From here, you can then start to pull together the campaign creative, the KPI’s and the content that’s going to work for the influencer, as well as your brand. Once the campaign goes live, track the content and performance relentlessly against your KPI’s, understand what works and quickly change things that aren’t. Once you’ve collected all the campaign data, see if it’s met your expectations and measure the ROI.

Remember, the best influencers are the ones who already consume, use and talk about your brand.

influencer marketing strategy blog

Comment

How are brands working with influencers - The Slimming Foodie

Comment

How are brands working with influencers - The Slimming Foodie

Today we caught up with Pip Vincent, AKA the Slimming Foodie,  the Winner of 'Best Food Blog' at the MAD blog awards 2016 and Finalist in Food category at Brilliance in Blogging Awards 2017, We wanted to understand how Pip started out, her views on the industry of Influencer Marketing and what the future holds for her as a blogger / influencer! 

How are brands working with influencers?
 

Could you tell us a little bit about your background and how you started to build a following?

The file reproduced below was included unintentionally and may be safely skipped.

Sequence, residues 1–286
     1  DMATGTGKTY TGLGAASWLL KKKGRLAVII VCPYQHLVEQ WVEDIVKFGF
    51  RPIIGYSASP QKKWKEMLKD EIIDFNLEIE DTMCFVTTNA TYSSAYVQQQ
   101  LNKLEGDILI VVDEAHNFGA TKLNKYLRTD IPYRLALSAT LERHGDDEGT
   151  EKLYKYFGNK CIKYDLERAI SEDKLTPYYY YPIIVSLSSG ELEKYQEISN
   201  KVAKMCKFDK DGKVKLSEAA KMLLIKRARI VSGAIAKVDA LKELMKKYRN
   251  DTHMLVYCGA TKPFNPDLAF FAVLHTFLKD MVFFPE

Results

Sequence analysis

After my 2nd daughter was born, I joined Slimming World because I wanted to lose my baby weight. I was trying to find a Facebook page with good recipes that were Slimming World friendly, but I couldn’t find one so I set up my own and started just sharing what I was cooking every night- just a picture of the meal and how I’d made it. After I’d been doing it for a couple of months I thought there had been a glitch on Facebook as my followers started going up really quickly- about 1000 a day! The popularity of the page kept on so I decided to start the blog, to share all of the recipes and make them easily searchable. It grew from there- I knew absolutely nothing about blogging or social media before I started but I’ve absolutely loved learning about how it all works and developing my channels- it’s such an exciting industry because it’s so new, and there aren’t any rules- the world’s your oyster!

 Is this something you do full-time?

 Yes, I do it full-time now, although I fit it around my daughters so I work during school days, and don’t have much time in the holidays!